Napoleon had printed a proclamation to the Egyptian people, which his soldiers distributed as they broke into Alexandria. He stated that the French had come to restore Egyptian freedom and destroy the Mameluke oppressors. The Mamelukes were originally a regiment of elite slave troops from the Caucasus. They had come to take control over Egypt, even though it was nominally still an Ottoman territory.Napoleon’s proclamation was tone deaf politically because even though the Mamelukes did not come from Egypt originally, they had ruled Egypt for centuries (1250-1517), long before the Ottomans came. They were certainly considered more Egyptian then the Ottomans were. In fact this proclamation promising Equal Rights for all men alienated many Egyptians who followed Sharia law, which enabled the ownership of slaves, had rigid social rules and set a clear societal place for women, as well as Dhimmi (Non Islamic but tolerated peoples), at the time. These gender politics cut both ways, as the Egyptians generally viewed the revolutionary agnostic and sexually liberated French as immoral. “I worship God more than the Mamelukes do. I respect his prophet Muhammad and the admirable Quran”. Bonaparte was trying to gain the allegiance of the educated elites and the Muslim clergy. He had even at one point said that he would convert to Islam. These grand statements were never taken seriously. These manifestos were also translated quite poorly into Arabic and they contained a mismatch of French Revolutionary ideas and Islamic references. The Egyptian cleric and scholar Al-Jabarti wrote a satirical commentary on these proclamations. Giving voice to the Egyptians Napoleon had hoped to win over. He wrote, “Here is an explanation of the incoherent words and vulgar Constructions put into this miserable letter”.

Meanwhile the actual military campaign was yielding un-even results. Despite capturing Alexandria and defeating the Mamelukes at Cairo. The French army who were used to foraging for food as they marched, found the desert not hospitable to this strategy. Many men died of dehydration, some even took their own lives along the desert roads. It was also hell on the Egyptian people as well, as French soldiers would routinely execute villagers who would not handover food. The Mamelukes were driven out of northern Egypt, but disaster struck on the 1st of August 1798 when Admiral Horatio Nelson destroyed the French fleet at Anchor at the Battle of the Nile. This not only trapped the French army in Egypt, but also cut off any hope of fresh supplies from France. This meant but the French Invasion had become an occupation. Napoleon however, displaying what had become his trademark energy as well as stubbornness, doubled down on his policy to try bring French civilization to Egypt. He set up a new government structure, creating new councils called divans. To serve on these councils he appointed legal scholars and religious leaders, from both the Muslim and Coptic Christian communities. He appeared to have learnt from as early a mistake of not appealing to the religious elites. This welding together of Revolutionary ideals and the Islamic world failed to mix well and people hated it. Napoleon was derisively called, Ali Bonaparte. It must be said however that some of the changes were successful. For example, the French built new schools, hospitals and post offices.The Egyptian population however, almost universally resented the French presence in their country.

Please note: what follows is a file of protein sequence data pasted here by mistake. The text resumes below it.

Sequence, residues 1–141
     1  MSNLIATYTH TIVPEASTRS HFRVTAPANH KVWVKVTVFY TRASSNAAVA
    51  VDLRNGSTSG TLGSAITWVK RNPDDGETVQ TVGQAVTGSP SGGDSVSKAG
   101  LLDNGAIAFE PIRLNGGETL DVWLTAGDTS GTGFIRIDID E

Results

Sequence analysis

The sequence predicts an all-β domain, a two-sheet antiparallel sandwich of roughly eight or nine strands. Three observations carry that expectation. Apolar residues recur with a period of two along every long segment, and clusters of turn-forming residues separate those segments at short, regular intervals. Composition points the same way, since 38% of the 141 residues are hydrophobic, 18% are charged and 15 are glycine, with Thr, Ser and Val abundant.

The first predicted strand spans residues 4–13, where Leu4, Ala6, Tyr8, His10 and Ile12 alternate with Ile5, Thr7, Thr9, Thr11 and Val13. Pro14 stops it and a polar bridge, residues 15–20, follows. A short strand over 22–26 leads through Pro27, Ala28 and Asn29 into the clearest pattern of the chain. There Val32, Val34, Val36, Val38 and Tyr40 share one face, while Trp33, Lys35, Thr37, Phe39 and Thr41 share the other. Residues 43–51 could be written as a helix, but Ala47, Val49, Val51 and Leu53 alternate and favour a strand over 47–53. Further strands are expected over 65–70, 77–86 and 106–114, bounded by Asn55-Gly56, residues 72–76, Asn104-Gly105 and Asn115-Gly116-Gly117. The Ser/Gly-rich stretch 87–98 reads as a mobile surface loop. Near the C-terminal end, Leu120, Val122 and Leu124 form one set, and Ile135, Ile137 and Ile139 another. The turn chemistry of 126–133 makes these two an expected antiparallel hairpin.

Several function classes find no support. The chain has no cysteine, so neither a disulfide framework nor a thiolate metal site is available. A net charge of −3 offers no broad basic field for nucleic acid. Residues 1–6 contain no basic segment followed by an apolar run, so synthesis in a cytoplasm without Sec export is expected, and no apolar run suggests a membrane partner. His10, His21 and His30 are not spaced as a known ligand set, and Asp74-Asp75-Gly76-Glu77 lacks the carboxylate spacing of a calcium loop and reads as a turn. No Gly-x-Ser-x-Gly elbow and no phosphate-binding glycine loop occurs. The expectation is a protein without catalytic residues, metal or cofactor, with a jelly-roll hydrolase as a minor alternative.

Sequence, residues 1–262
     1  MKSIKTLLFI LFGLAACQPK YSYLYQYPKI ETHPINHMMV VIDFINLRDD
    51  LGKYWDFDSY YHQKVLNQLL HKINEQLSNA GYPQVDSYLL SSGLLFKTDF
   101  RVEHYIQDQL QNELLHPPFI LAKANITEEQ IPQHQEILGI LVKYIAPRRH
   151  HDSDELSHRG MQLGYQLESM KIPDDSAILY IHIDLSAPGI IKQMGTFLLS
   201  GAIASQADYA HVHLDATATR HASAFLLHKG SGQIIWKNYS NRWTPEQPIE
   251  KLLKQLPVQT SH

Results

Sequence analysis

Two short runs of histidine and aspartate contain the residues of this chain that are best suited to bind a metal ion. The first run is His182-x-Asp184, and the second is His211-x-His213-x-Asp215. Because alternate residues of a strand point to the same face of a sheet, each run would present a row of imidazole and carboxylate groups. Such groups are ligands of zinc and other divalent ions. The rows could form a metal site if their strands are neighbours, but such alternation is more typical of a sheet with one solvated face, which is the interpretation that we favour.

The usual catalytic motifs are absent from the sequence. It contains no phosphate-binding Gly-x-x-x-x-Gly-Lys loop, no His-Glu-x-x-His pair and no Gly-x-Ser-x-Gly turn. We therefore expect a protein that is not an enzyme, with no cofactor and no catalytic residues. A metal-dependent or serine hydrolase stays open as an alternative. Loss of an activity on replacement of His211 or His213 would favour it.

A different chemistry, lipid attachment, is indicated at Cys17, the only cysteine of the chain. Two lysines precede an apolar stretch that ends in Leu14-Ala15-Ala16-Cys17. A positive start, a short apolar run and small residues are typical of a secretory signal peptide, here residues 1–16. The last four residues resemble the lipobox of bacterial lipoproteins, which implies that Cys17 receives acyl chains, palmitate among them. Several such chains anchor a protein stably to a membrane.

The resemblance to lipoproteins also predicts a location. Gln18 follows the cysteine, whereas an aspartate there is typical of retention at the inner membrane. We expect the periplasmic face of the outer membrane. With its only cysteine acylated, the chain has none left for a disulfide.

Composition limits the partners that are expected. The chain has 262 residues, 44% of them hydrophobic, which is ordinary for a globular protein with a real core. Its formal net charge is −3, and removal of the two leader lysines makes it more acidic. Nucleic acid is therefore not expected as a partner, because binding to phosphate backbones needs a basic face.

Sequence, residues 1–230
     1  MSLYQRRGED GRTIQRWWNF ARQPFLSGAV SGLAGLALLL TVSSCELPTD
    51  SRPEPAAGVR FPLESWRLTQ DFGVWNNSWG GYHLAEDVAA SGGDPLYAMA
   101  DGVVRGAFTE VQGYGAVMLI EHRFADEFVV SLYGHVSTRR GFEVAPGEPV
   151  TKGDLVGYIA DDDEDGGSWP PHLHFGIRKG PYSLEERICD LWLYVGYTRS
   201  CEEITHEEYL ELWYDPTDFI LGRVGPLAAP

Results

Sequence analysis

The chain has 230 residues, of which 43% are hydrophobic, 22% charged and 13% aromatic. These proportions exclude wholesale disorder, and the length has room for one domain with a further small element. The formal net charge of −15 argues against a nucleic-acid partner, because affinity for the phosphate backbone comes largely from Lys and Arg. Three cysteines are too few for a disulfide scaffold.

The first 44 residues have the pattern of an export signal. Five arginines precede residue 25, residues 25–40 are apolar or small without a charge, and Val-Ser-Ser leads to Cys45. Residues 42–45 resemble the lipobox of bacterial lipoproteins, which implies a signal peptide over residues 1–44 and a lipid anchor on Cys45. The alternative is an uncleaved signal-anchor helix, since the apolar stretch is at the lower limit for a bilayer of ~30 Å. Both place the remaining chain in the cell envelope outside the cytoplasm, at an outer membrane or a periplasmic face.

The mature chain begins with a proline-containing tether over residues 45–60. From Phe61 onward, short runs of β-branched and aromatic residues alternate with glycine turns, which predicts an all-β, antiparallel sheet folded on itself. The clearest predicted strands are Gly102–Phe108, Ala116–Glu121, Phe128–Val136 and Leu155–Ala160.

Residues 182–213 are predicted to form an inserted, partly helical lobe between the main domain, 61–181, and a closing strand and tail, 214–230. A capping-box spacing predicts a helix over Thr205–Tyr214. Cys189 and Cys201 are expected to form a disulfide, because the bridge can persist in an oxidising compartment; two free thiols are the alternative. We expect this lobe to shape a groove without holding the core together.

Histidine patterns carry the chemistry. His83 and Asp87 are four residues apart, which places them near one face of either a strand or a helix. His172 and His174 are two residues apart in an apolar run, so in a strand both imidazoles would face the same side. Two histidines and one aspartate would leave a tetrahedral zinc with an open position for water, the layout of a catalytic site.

The Ottomans were also about to make their move. The French ambassador had tried and failed to convince them that they were really just trying oust the Mamelukes from power. The Ottomans now joined in alliance with the British and the two factions planned two pronged attack. The Ottoman Army would march down to Egypt through the Levant (Syria, Lebanon and Palestine). The British Royal Navy would shadow the army. The French Army tried to pre-empt this by invading north through Syria. The French were stopped at the fortress town of Acre. Napoleon met stubborn resistance there because the Royal Navy kept the town well supplied with provisions and fresh Ottoman troops. The inability to capture the town coupled with the fact that the French Army had lost 3,000 men to plague demoralized the French. The French Army marched back to Egypt, fighting Mameluke and Ottoman Armies along the way. Napoleon left Egypt soon after to tend to matters in Europe. The rest of the French Army surrendered to the British. The French experiment in Egypt had failed.